Reported data in the National Household Survey on Drug Abuse showed around 36 million people in the U.S. who are 12 years or older abuse prescription drugs in their lifetime at least once.
Commonly abused prescription drugs fall into a few broad categories:
People abuse these certain drugs due to them being an inexpensive and easily accessible way of altering their physical and mental state. They become addicted to the euphoric or pain-relieving effects and require higher and higher dosages to get their desired effects. Here, you’ll get a closer look at each of the most commonly abused prescription drug categories.
Opioids are pain relievers, but when you take them in larger doses, they cause euphoric effects and could cause dangerous side effects like:
- Lowered blood pressure
- Lowered pulse
- Slowed or arrested breathing
Some types of opioids are:
Codeine (Tylenol with Codeine, Empirin with Codeine, etc.) and Morphine (Duramorph, Roxanol). Physicians typically prescribe codeine for coughing and mild pain and morphine for severe pain.
Oxycodone HCL (Oxycontin, Tylox, Percodan, Percocet). Oxycodone is another type of opioid pain reliever. Individuals will abuse this drug by:
- Snorting it
- Crushing it
- Injecting it
This will raise the risk of overdose greatly. Oxycodone has high abuse potential and is twice as potent an analgesic as morphine.
Hydrocodone (Lortab, Vicodin, Lorcet). These drugs contain acetaminophen and the opioid hydrocodone. They cause constipation and drowsiness. They can also cause dangerous breathing issues at high doses. If, after you’ve stopped taking these, you feel sick, like you’re experiencing the flu, your body might have become dependent.
Fentanyl (Actiq, Duragesic, Sublimaze). Fentanyl is up to 100 times more potent than morphine. It is used to treat chronic pain and severe pain and to manage pain following surgery. Illegally used fentanyl has resulted in overdoses. For more information on the dangers of Fentanyl, see our blog post: Fentanyl – What Is It And Why Is It So Dangerous?
Some types of depressants are:
Barbiturates (Nembutal, Amytal, Seconal). Depressants like barbiturates are sedatives that help with the following:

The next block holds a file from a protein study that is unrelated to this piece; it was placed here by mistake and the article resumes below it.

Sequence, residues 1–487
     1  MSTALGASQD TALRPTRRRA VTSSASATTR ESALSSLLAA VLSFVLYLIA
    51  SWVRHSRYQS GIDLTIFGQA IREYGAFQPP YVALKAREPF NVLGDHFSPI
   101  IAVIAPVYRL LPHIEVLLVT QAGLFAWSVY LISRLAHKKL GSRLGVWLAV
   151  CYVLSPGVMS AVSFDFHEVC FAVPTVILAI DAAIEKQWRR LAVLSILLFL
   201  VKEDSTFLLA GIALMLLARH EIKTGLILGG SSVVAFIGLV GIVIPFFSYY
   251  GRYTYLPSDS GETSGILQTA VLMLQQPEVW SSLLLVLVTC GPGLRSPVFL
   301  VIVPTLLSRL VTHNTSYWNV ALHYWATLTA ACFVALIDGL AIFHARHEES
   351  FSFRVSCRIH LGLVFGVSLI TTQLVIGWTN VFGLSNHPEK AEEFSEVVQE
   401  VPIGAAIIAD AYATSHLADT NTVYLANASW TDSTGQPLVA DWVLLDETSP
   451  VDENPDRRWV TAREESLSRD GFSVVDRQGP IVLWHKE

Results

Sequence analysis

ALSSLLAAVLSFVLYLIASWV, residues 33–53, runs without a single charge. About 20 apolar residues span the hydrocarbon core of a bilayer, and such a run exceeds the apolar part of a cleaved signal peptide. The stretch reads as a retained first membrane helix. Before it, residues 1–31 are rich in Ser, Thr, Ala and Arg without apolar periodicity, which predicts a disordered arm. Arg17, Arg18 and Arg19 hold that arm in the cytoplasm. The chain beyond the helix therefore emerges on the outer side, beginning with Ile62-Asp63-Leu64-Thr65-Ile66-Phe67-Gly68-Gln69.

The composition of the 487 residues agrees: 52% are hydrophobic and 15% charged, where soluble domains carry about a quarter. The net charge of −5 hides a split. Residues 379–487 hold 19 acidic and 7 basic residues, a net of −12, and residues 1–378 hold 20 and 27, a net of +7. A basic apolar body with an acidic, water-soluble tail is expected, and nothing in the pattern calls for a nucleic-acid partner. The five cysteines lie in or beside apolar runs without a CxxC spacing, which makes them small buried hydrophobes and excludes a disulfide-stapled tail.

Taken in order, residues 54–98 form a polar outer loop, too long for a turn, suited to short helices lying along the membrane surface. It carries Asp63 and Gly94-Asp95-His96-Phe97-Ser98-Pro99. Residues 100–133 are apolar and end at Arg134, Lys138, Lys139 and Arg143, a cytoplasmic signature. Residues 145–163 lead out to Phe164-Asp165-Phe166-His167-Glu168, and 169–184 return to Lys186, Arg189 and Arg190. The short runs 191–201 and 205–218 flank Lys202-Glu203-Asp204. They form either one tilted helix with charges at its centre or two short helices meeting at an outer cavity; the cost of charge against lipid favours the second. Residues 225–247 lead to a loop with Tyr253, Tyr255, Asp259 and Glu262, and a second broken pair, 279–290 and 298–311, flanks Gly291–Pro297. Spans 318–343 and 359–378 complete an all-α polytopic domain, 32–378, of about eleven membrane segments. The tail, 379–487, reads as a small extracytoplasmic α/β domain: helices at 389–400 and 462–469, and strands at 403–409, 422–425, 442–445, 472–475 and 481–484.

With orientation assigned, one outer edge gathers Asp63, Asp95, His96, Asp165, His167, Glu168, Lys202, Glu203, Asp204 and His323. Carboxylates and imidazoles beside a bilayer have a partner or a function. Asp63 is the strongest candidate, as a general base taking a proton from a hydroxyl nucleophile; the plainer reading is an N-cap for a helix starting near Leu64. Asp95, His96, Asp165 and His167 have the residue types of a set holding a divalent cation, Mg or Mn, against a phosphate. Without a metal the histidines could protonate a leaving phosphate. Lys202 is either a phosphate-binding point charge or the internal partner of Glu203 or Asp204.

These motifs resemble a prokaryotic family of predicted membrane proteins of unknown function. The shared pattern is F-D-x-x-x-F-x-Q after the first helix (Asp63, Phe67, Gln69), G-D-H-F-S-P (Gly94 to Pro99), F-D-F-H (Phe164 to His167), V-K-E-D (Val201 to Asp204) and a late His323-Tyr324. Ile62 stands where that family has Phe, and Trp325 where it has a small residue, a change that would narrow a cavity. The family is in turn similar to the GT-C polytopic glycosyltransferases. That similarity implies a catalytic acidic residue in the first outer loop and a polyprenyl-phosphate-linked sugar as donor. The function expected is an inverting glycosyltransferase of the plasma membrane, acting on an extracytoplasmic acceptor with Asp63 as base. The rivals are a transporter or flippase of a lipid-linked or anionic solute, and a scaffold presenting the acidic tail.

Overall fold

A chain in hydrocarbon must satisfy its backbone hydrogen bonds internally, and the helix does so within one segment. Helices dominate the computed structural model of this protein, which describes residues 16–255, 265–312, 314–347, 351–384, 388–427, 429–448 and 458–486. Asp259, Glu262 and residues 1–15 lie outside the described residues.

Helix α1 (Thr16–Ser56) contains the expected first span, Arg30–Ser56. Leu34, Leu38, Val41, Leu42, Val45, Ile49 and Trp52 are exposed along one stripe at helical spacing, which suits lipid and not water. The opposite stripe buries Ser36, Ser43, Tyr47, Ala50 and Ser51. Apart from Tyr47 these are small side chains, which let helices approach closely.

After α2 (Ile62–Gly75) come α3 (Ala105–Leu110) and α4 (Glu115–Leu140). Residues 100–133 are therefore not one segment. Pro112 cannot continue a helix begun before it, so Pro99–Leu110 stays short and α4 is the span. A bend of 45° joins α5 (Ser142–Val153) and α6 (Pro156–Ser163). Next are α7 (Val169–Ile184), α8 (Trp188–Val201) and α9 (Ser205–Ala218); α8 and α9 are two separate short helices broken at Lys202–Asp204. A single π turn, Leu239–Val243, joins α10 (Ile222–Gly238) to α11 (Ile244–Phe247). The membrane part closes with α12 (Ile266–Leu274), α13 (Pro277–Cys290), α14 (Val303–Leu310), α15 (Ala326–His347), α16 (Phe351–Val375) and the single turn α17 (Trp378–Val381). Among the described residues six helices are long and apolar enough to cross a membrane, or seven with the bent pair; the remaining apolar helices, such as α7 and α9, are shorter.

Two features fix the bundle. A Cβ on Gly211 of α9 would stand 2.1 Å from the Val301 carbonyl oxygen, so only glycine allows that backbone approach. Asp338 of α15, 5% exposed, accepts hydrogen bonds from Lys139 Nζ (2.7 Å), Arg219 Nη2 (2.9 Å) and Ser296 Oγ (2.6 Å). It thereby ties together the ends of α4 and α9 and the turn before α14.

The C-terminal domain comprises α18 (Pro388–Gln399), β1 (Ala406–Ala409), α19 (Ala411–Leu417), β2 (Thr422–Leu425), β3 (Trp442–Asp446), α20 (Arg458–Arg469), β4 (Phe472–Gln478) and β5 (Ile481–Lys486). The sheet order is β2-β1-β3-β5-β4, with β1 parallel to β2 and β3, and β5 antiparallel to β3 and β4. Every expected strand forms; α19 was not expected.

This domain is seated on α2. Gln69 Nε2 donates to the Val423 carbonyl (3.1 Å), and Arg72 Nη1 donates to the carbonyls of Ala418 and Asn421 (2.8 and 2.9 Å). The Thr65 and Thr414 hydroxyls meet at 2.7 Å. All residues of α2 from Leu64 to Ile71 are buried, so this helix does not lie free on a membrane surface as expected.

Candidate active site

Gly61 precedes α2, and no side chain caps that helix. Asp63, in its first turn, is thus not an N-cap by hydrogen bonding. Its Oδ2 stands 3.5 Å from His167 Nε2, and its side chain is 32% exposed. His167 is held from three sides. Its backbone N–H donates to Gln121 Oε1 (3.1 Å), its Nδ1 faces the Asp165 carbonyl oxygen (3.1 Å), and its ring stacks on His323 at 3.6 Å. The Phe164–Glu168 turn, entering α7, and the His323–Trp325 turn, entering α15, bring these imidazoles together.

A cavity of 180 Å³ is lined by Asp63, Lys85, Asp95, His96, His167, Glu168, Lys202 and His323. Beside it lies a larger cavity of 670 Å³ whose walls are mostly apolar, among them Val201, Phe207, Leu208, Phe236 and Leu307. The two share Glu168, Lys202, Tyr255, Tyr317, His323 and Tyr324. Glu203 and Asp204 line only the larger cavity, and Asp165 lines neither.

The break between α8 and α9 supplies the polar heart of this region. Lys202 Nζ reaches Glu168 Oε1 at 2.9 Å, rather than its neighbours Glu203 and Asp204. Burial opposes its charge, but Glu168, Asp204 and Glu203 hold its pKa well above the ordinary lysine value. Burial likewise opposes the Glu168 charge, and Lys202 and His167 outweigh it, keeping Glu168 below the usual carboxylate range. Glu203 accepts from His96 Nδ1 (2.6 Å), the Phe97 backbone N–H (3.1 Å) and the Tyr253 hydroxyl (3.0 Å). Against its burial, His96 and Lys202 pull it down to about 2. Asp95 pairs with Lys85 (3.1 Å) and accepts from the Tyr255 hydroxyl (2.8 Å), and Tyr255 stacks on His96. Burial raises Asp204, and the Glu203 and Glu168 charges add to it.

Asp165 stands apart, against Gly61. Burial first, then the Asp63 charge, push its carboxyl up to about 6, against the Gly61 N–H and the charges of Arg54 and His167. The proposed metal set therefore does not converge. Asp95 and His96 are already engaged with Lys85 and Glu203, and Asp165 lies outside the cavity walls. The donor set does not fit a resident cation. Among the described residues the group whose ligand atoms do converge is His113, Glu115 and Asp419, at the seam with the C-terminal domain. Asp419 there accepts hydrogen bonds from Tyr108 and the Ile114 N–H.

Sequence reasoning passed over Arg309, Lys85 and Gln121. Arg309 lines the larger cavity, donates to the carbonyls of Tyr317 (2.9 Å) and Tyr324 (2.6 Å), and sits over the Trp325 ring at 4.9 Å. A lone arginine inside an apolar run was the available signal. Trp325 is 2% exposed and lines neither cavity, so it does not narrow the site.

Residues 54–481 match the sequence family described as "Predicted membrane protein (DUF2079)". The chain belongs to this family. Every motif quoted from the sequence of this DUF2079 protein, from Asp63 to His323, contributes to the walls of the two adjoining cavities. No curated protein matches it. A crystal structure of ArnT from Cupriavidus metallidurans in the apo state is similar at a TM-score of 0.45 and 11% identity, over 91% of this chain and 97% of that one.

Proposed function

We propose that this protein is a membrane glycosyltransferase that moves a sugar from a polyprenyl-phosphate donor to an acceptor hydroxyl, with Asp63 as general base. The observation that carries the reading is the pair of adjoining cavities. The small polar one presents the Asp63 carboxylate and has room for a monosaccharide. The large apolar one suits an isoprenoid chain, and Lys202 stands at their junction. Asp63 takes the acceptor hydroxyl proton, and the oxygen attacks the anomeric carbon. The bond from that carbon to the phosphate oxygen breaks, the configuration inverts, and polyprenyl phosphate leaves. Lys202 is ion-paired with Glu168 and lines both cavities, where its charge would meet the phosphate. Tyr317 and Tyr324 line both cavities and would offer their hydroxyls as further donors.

- Sleep problems
Taking more than prescribed could lead to addiction. You can experience trouble breathing at high doses, particularly if you’re using them while drinking alcohol. Withdrawing from barbiturates can be dangerous, so seek help if you’re unable to function without them.
Benzodiazepines (Librium, Klonopin, Valium, Xanax). Benzodiazepines are another type of sedative. They help with the following:
- Sleep problems
- Panic attacks
If overused, they can cause addiction and physical dependence. It can be dangerous to stop these abruptly, so talk with your doctor if you feel like you’ve become dependent.
Sleep Medications (Ambien, Lunesta). If you’re having sleep difficulties, prescription sleep medications can help. However, using them longer than directed could cause you to become dependent and require them to be able to sleep.
Some types of stimulants are:
Amphetamines (Adderall, Biphetamine, Dexedrine). Stimulants can help individuals with ADHD when prescribed. But, some individuals will use them to:
- Boost energy
- Get high
- Keep their weight down
- Boost alertness and focus
Stimulants can be addictive and, at high doses, can cause your body temperature to rise to a dangerous level, an abnormal heartbeat, and potentially cardiac arrest.
Methylphenidate (Ritalin, Concerta) is another type of stimulant for ADHD that, when combined with decongestants, could cause irregular heartbeat and dangerously high blood pressure.
Taking prescription drugs without a doctor’s prescription is illegal. You could face penalties for abusing them without a prescription or distributing them. The penalties will vary depending on the type of prescription drug type.
Contact Soul Surgery Today for Drug Abuse and Addiction Treatment
If you or someone you know is misusing prescription drugs, call Soul Surgery today. We offer a wide range of drug and alcohol treatment programs utilizing the tools you need to live an addiction-free life.